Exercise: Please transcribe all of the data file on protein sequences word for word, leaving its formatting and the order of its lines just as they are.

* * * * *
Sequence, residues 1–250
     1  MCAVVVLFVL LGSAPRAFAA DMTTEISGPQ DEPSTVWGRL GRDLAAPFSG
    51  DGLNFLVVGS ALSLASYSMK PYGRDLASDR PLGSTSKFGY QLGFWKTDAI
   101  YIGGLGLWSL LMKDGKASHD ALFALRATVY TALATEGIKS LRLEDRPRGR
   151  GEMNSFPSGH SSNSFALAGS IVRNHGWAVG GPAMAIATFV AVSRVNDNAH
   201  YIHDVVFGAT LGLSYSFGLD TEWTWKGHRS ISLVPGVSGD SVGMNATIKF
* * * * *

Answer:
Sequence, residues 1–250
     1  MCAVVVLFVL LGSAPRAFAA DMTTEISGPQ DEPSTVWGRL GRDLAAPFSG
    51  DGLNFLVVGS ALSLASYSMK PYGRDLASDR PLGSTSKFGY QLGFWKTDAI
   101  YIGGLGLWSL LMKDGKASHD ALFALRATVY TALATEGIKS LRLEDRPRGR
   151  GEMNSFPSGH SSNSFALAGS IVRNHGWAVG GPAMAIATFV AVSRVNDNAH
   201  YIHDVVFGAT LGLSYSFGLD TEWTWKGHRS ISLVPGVSGD SVGMNATIKF